1. Luna Luna, the secret art amusement park hidden away for 35 years
One summer in 1987, the world’s first art amusement park appear in Hamburg Germany, featuring a ferris wheel by Basquiat, a carrousel by Keith Haring, an enchanted tree by David Hockney, a glass maze by Roy Lichtenstein and music by Phillip Glass.
After being locked away in shipping containers for several decades, Luna Luna is finally being revived.
Find more information here.
2. A charming archive of church kneeling cushions
3. Queen Victoria in Ireland in 1900. This is the only existing film of her
4. A river runs over the London tube tracks and through a station inside a 19th century iron conduit
Pictured: The River Westbourne, one of London’s hidden rivers, running above the platforms of Sloane Square tube station. The drain is inside the green conduit above the train.
Found on Wikipedia.
5. A Forgotten Train Wagon Restaurant & Hotel in the Alps
The Wagristoratore, opened in 1930, was a project by Milan-born architect Piero Portaluppi. Located at a height of 2318 meters in an uncontaminated stretch of land on the border between Italy and Switzerland, the surreal building was made of two train wagons directly placed onto concrete pillars.
The “wagon-restaurant” and the “wagon-lit”, a place to sleep were both richly decorated and conceived for a luxurious stay, working as dependences to a nearby hotel.
After World War II, the building was forgotten and probably used as a refuge for people trying to escape to Switzerland and later destroyed.
Today, you can still find the train wagon’s pillars still standing.
Found on Socks Studio.
6. Giant ships carrying other giant ships, oil rigs and fish farms
More about heavy lift ships found here.
7. The Kapilikaya Rock Tomb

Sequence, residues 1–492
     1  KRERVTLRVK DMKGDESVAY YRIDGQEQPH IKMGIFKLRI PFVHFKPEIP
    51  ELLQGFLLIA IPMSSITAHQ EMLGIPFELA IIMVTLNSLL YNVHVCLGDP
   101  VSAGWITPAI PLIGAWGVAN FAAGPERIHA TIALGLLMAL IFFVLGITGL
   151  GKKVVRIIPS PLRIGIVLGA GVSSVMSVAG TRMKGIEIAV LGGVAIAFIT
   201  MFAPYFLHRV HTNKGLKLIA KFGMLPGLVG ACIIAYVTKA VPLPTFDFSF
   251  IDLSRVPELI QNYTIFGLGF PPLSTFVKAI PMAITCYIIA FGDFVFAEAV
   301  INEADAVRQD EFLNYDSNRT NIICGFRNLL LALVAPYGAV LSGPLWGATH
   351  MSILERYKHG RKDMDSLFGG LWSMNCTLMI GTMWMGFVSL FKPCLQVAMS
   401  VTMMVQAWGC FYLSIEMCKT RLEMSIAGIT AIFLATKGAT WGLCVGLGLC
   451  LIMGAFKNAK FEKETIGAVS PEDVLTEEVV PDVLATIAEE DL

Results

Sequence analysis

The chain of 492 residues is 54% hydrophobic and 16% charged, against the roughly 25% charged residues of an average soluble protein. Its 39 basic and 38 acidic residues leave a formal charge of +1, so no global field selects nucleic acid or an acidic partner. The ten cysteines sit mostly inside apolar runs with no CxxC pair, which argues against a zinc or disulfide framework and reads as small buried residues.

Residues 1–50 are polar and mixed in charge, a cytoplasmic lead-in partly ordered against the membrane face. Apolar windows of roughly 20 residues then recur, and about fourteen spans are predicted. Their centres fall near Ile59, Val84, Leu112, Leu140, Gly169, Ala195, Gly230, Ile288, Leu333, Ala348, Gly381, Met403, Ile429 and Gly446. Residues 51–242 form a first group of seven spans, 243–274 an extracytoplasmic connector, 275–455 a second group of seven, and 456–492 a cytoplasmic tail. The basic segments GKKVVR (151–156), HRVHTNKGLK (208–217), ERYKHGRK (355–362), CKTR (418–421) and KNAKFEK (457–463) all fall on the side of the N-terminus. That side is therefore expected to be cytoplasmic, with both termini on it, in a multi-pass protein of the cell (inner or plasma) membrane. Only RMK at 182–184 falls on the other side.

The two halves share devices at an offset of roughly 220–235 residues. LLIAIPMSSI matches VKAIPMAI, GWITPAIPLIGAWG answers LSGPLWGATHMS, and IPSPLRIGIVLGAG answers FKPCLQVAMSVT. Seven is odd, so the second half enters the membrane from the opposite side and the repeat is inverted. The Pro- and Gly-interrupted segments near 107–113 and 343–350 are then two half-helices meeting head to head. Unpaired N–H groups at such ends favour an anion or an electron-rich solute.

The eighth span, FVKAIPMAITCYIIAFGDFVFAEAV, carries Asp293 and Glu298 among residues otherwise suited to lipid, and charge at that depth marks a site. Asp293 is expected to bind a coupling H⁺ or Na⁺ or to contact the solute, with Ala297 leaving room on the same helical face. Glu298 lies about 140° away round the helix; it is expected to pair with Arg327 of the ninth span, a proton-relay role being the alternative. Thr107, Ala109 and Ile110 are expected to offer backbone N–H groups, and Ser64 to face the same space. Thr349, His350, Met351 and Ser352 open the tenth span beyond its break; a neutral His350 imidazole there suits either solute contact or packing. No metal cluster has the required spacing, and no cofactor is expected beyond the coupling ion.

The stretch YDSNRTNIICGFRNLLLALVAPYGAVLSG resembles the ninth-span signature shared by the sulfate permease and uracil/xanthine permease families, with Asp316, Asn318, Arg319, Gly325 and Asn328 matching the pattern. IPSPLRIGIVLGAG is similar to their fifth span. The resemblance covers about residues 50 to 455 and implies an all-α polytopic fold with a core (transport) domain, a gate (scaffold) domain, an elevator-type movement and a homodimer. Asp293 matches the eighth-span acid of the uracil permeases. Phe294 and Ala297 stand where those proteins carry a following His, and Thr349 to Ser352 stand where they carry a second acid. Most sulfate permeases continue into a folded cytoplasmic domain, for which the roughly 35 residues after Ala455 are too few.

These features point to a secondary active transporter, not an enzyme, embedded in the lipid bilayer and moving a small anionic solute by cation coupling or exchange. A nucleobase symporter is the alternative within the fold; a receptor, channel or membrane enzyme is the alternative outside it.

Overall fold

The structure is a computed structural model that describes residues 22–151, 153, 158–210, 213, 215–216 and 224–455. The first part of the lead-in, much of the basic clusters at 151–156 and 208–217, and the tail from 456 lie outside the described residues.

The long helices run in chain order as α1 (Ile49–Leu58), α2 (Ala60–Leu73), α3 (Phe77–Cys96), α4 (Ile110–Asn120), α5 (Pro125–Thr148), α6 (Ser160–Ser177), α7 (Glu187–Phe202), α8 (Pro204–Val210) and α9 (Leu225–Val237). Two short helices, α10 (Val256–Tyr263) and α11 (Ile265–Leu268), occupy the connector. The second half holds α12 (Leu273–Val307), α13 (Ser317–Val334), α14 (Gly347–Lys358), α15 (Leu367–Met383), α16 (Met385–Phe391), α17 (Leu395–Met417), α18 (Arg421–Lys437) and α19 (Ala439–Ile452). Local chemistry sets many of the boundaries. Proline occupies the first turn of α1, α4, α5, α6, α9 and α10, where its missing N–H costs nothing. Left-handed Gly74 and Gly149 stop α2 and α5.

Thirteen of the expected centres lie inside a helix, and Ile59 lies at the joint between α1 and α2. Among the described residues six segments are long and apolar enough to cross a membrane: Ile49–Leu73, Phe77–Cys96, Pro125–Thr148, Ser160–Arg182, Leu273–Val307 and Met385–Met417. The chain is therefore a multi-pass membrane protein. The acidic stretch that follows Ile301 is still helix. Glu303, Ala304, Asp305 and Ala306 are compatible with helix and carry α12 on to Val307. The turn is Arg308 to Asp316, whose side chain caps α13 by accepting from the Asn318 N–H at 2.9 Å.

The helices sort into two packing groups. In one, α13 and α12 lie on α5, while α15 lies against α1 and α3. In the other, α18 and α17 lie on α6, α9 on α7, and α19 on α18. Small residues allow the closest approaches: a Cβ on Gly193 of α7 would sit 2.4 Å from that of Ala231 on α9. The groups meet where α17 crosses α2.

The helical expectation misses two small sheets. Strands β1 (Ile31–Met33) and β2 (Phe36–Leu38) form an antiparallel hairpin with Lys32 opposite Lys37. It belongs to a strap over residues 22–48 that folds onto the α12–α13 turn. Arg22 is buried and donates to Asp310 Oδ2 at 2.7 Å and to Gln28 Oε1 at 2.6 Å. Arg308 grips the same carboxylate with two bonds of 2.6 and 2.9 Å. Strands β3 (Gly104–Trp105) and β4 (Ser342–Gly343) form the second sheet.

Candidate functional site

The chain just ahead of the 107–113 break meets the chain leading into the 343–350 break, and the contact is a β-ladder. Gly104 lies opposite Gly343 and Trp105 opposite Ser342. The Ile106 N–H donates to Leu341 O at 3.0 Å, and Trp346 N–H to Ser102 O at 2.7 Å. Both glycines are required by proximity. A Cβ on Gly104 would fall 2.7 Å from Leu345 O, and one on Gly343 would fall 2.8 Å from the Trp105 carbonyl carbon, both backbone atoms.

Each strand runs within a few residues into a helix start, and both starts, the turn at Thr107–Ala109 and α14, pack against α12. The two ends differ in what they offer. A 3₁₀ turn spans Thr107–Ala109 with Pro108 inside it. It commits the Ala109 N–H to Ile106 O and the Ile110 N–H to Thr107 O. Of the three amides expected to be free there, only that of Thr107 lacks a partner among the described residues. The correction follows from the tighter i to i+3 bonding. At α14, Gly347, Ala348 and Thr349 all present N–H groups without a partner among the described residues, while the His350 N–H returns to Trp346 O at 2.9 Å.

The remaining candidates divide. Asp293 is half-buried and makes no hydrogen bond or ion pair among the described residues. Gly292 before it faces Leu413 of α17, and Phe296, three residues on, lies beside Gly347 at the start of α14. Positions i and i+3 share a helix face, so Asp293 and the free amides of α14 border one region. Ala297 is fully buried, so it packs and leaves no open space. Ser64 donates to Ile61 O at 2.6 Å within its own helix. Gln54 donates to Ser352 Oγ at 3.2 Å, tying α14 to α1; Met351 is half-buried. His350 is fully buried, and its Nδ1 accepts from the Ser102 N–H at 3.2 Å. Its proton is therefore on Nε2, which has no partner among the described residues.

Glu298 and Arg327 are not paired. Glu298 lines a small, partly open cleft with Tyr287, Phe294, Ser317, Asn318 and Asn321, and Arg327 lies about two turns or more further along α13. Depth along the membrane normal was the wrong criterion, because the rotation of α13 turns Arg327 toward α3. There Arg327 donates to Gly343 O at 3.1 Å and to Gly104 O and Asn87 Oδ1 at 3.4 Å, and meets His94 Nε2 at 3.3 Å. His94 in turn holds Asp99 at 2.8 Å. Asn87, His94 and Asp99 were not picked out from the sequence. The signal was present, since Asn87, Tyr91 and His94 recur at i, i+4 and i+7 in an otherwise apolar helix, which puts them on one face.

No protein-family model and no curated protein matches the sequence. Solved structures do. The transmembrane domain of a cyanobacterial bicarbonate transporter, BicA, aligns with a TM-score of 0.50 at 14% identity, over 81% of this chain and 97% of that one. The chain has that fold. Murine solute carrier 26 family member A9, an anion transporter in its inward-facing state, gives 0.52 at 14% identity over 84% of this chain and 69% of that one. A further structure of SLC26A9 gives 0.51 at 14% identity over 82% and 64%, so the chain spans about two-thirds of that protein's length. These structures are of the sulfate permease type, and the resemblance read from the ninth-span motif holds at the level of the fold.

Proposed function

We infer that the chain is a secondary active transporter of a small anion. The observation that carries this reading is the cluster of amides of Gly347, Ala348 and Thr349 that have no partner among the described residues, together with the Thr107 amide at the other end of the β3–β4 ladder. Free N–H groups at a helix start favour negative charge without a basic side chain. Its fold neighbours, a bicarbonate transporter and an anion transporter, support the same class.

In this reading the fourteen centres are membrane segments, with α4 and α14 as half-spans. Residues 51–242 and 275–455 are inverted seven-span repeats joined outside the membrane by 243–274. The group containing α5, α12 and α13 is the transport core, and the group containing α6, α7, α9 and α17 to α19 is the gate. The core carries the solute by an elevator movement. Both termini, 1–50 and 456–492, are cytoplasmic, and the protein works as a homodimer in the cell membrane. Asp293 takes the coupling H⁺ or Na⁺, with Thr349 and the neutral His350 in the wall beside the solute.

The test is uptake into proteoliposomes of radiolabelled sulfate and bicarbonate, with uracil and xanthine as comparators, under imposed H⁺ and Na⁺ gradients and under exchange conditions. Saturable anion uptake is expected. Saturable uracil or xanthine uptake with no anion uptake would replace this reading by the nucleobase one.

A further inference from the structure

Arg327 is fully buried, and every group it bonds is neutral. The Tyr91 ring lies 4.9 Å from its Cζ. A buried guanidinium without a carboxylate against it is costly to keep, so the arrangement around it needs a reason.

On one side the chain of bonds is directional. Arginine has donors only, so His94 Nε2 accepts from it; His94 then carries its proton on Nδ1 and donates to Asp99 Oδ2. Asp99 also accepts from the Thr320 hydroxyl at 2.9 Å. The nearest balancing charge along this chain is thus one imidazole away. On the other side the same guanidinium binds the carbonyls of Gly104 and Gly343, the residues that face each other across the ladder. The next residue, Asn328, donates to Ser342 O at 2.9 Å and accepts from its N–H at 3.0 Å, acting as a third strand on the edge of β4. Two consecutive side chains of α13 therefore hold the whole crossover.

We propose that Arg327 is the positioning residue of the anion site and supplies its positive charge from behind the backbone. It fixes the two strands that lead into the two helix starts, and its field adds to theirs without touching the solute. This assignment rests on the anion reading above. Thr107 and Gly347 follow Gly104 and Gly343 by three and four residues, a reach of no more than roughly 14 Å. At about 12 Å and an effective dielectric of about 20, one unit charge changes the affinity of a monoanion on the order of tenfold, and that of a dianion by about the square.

The Kapilikaya Rock Tomb is located in Kırkdilim, 27 km north of Çorum, Turkey, on a rocky, steep and rough land formed by rift valleys cracked by river, on the north- west corner of a rock which extends to the north. It is a rock tomb of the Hellenistic period, dating back to the 2nd century B.C. Its not a facade, you can walk all the way around the back of the tomb.
Found on Legendary Scholar.
8. Inside Bangkok’s First Ever Department Store, Frozen in Time
Built in the 1960s, Bangkok’s Nightingale-Olympic store remains unchanged today, preserved in its retro state
In Bangkok’s lustrous, tech-fluent cityscape…it remains – madly and somewhat mightily – untouched, refusing to modernize its distinctive Brutalist façade, sun-bleached signage and novel interiors.
Full photostory by Phil Dunlop found on AnOther Mag.
9. Daughter brought to life her Dad’s dream for a caravan, taken from plans found in his secret wartime diaries during his time as a Japanese prisoner of War
WWII POW Reg Newman dreamed of returning to the UK and building the luxury 1930s caravan he’d designed. While incarcerated at a prison camp in Borneo, he made meticulously illustrated designs for the holiday home. When he was released after three years and five months, he was too traumatised to get his caravan made. His daughter, Jan Fursier, found plans and asked Channel 4’s Amazing Spaces to bring her dad’s dream to life
10. A Collection of Rare Photos of Men in the 1800s in Intimate Embraces
In 2008, Columbia University librarian Herbert Mitchell passed away, bequeathing a trove of curios to the Metropolitan Museum of Art, featuring daguerreotypes, tintypes and ambrotypes of men “enjoying intimate physical contact without any evident trace of the self-consciousness one might expect from the stiff portraiture of the late 19th century”.
Found on Mashable.
11. The Witty Epitaphs of Key West Cemetery
Found on Station Gossip.
12. The Hot Dog Stand that was Targeted by a Soviet Nuclear Missile
This hot dog stand in the center of the Pentagon was rumored to be the target of a Soviet missile strike during the Cold War because the Soviets reportedly thought it was the Pentagon’s most top secret meeting room, and the entire Pentagon was a large fortress built around the hot dog stand.
13. Chicago Gang Business Cards
Brandon Johnson’s book, “Thee Almighty & Insane,” explores the vintage business cards Chicago’s gang members carried during the 1960s, ’70s, ’80s and ’90s… the cards were used to assert their pride, recruit new members and serve as general tokens of affiliation.
Found via the Block Club